Imagine you go for a nap, only to wake up speaking in a foreign language!
In 1987, a Turkish patient established in the USA for many years unerwent a surgery, after which he expressed himself by writing or speaking in English (Akpek et al., 2002). But 24–28 hours later, he suddenly switched back to speaking Turkish. The surprising thing, for both the patient and the medical staff, was that the man apparently hasn’t been aware of speaking English, though he could remember everything that had happened during that time.
Another “intriguing case of transient language disturbance following anaesthesia” was observed in a 54-year-old man undergoing a common surgery for knee joint injury in 1999 (Ward & Marshall, 1999). The patient had local analgesia in his left hand and general anaesthesia with midazolam 2 mg, propofol 180 mg and fentanyl 75 mg. After the 20-minute surgery, he was transferred to the recovery room. Shortly afterwards, the nurse alerted the doctors that the patient was speaking in Spanish, though apparently he could understand when he was spoken to in English. To make things even creepier, he then started having some twiching movements in one arm and staring at the ceiling, remaining unresponsive in either Spanish or English. All this time, all vital signs were normal. The anaesthetist was also puzzled and “in an effort to at least appear to be doing something, he requested a blood sugar measurement”, which indicated low sugar level. The patient was administered sugar by the nurses, then started acting normally and speaking in English.
A few years later, a 68-year-old Czechoslovakian man who had lived outside his country for years, but used to communicating in English, underwent a surgery during which, although awakened enough to open his eyes and hear the voices of the medical staff, he did not respond to their English commands to move his foot (Akpek et al., 2002).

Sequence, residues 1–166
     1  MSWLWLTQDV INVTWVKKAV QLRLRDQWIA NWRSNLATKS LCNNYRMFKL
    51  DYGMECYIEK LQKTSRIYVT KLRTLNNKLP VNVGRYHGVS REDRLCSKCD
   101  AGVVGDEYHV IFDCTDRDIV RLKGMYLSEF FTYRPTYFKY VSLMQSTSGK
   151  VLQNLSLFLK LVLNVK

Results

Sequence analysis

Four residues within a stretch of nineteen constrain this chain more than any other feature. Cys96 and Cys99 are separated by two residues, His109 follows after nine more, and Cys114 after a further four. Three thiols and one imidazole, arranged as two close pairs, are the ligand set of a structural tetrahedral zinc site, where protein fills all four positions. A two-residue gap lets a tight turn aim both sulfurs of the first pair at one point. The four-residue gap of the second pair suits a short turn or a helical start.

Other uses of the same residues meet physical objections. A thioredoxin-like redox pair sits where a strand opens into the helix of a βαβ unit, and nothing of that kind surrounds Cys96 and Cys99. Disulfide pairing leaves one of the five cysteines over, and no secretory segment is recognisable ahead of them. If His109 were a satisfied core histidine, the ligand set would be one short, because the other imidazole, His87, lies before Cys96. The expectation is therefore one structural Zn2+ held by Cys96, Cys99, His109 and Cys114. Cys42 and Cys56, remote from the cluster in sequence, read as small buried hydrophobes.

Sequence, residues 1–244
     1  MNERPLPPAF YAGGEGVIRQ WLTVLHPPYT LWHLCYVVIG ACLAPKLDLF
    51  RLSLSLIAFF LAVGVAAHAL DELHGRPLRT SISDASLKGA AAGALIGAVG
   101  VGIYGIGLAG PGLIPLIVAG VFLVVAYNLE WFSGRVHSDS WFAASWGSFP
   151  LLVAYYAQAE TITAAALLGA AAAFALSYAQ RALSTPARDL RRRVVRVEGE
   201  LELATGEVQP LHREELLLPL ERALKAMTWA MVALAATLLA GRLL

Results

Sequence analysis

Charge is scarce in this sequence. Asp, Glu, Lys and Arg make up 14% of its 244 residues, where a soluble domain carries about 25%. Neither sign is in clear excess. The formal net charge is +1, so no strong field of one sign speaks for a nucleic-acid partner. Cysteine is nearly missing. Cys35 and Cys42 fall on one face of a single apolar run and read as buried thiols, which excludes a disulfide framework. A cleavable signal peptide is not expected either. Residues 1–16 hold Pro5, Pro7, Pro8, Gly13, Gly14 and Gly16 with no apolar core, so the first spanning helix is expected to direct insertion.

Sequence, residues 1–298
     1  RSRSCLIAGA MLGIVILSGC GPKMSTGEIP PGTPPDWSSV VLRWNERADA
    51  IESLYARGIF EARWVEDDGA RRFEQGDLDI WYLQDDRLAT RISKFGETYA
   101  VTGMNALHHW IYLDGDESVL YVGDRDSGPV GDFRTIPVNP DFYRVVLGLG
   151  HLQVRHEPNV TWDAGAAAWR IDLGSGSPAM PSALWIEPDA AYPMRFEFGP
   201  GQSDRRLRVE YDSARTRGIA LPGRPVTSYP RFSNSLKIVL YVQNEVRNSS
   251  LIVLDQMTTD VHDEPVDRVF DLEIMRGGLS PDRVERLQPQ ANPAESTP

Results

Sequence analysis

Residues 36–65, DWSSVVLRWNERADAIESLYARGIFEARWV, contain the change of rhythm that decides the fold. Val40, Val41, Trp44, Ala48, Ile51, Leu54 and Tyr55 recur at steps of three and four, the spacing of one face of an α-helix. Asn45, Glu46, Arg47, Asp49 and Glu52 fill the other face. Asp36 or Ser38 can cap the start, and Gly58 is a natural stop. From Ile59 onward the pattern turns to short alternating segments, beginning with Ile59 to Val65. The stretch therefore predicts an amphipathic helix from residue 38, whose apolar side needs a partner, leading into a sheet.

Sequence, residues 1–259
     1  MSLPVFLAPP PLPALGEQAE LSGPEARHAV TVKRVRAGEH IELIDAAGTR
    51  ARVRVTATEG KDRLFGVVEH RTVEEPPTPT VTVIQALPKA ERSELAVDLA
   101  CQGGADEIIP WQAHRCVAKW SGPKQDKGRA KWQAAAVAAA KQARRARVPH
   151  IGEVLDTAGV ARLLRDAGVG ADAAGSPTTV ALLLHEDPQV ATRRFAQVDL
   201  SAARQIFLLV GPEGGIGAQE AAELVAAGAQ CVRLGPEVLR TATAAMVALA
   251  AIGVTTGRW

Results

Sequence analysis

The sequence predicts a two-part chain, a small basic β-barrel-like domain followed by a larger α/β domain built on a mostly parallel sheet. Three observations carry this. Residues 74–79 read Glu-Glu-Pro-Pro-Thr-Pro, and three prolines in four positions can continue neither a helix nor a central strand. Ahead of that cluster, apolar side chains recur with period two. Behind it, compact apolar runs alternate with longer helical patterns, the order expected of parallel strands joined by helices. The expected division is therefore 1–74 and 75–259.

So, what is going on in this phenomenon known as pathological language switching (PLS)!? In the case described by Ward and Marshall (1999), the authors suppose that a temporal lobe seizure was induced by hypoglycemia and during the post-seizure state, the patient’s normal speech was inhibited, allowing the second language to emerge. One possible explanation for switching from a foreign to the native language is that the native language is mostly stored in implicit memory systems of the subcortical regions, whereas acquired languages are learned by explicit rules and stored more diffusely in the cerebral cortex (Akpek et al., 2002). Another explanation is that the anesthetic might affect differently the neocortical areas representing the native (L1) and non-native language (L2), inhibiting L1 and facilitating L2 (Sharwood & Perry, 2005). However, this seems implausible because, although the L2 area in some bilinguals extends beyond the L1 area, the significance of this partial overlap is not clear.
The effects of anesthesia on linguistic centers in the brain seem to involve very complex mechanisms that are not yet understood, but case studies like these could shed some light on this phenomenon. And don’t forget: when things go wrong, make an effort to at least appear to be doing something.
Akpek, E. A., Sulemanji, D. S., & Arslan, I. G. (2002). Effects of Anesthesia on Linguistic Skills: Can Anesthesia Cause Language Switches? Anesthesia and Analgesia, 95, 1127.
Sharwood Smith, M. A. & Perry, R. (2005). Transient fixation on a non-native language associated with anaesthesia. Anesthesia, 60, 712-726.
Ward, M. E. & Marshall, J. C. (1999). ‘Speaking in tongues’. Paradoxical fixation on a non-native language following anaesthesia. Anaesthesia, 54, 1201–1203.